English 111 S04
20 October 2011
Health Care Coverage on Eating Disorders
The United States alone has over 10 million females and 1 million males diagnosed with the two most common eating disorders (anorexia and bulimia) with millions more suffering from binge eating disorders (Crowther). These are only the documented cases, as there is a taboo of the subject and many people may feel ashamed or deny the disorder and never report themselves. Surveys have shown that 80% of women in America are not pleased with their body appearance (Smolak). These disorders do not heal immediately and require a constant effort and treatment (Palme). “Only 1 in 10 people with eating disorders receive treatment,” says the South Carolina Department of Mental Health, and up to 80% of the patients who have access to some care do not receive as much as necessary for treatment (Eating Disorder Statistics).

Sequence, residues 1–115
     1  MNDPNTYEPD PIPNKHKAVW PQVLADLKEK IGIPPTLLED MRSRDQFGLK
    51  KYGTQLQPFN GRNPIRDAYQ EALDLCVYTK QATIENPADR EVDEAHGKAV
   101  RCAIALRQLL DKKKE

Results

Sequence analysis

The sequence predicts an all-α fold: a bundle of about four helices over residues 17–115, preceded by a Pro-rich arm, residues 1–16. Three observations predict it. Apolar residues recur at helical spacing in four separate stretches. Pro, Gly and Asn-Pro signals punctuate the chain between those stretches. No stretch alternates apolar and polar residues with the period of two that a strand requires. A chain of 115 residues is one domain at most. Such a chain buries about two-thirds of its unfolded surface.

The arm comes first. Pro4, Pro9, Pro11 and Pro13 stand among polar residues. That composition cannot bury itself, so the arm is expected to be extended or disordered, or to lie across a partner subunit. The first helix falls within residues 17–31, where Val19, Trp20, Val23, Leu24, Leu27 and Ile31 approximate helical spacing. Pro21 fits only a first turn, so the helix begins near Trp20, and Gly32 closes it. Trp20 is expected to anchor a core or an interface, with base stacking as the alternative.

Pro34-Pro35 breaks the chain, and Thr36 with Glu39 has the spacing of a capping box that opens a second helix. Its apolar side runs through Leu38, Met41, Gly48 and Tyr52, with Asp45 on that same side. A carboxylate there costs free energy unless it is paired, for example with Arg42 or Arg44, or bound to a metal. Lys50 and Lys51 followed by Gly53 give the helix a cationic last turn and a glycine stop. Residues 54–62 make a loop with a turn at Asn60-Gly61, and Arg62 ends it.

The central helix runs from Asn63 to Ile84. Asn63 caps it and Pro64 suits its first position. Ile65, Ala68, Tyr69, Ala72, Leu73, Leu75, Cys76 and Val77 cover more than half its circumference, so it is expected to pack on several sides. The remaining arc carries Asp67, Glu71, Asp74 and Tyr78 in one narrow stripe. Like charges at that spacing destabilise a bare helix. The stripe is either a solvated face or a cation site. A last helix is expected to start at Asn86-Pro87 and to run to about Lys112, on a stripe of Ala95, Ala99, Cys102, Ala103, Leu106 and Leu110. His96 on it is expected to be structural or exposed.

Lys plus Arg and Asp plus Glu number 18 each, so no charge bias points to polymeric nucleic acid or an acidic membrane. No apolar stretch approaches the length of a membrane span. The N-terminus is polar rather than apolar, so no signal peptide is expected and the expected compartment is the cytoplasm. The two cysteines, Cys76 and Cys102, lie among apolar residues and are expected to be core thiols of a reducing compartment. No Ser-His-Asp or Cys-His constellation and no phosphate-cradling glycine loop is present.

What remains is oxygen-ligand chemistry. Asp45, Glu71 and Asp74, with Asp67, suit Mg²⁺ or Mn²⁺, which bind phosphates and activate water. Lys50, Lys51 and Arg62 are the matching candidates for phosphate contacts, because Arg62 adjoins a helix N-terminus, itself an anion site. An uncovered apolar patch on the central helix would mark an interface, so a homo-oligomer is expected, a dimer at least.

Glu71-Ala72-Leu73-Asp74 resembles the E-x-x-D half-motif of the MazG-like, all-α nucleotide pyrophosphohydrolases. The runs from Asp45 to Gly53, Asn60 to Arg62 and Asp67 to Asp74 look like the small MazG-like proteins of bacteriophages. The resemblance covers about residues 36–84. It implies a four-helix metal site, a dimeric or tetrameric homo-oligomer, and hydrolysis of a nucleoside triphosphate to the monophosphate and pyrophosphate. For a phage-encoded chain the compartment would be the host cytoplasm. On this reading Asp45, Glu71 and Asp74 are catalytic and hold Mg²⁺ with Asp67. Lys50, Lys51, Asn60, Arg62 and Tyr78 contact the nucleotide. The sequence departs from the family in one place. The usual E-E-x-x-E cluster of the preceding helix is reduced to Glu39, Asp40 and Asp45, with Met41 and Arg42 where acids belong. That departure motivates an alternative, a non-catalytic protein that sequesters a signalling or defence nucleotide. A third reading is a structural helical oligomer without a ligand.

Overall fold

Anorexia Nervosa is an eating disorder where a person is diagnosed with a fear of gaining weight while being extremely emaciated, amenorrhea, and a refusal to maintain a normal body weight; in order to be diagnosed a person must be less at least less than 15% the normal weight range for their body type (Anorexia Nervosa - PubMed Health). There are two different forms that anorexia nervosa can take, one being extremely restrictive in caloric intake, and the other a pattern of binging on a small amount of calories and regularly purging the contents in order to avoid weight gain (Different Types of Eating Disorders in Teenagers). There is an estimated death rate of up to 10% in anorexia patients (Anorexia Nervosa - PubMed Health). According to psychotherapist Gunborg Palme anorexia may cause, “constipation, increased sensitivity to infections, stomach ache, very low pulse, anaemia, kidney damage, cardiovascular disorders and shortage of skeletal calcium” (Palme).
Bulimia patients are diagnosed with patterns of binging and purging, or vomiting, large...